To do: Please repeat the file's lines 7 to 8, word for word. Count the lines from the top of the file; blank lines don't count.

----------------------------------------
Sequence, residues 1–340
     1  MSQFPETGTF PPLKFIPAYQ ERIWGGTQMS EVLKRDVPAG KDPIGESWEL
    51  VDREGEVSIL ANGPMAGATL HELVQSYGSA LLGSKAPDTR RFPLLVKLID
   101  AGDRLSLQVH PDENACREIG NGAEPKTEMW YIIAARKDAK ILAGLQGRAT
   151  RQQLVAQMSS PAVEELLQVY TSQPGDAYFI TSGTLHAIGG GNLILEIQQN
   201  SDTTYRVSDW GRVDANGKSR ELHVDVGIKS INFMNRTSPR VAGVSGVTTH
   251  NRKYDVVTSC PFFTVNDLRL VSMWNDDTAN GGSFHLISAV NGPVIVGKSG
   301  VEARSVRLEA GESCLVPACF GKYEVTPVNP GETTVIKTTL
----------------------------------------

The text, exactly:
   251  NRKYDVVTSC PFFTVNDLRL VSMWNDDTAN GGSFHLISAV NGPVIVGKSG
   301  VEARSVRLEA GESCLVPACF GKYEVTPVNP GETTVIKTTL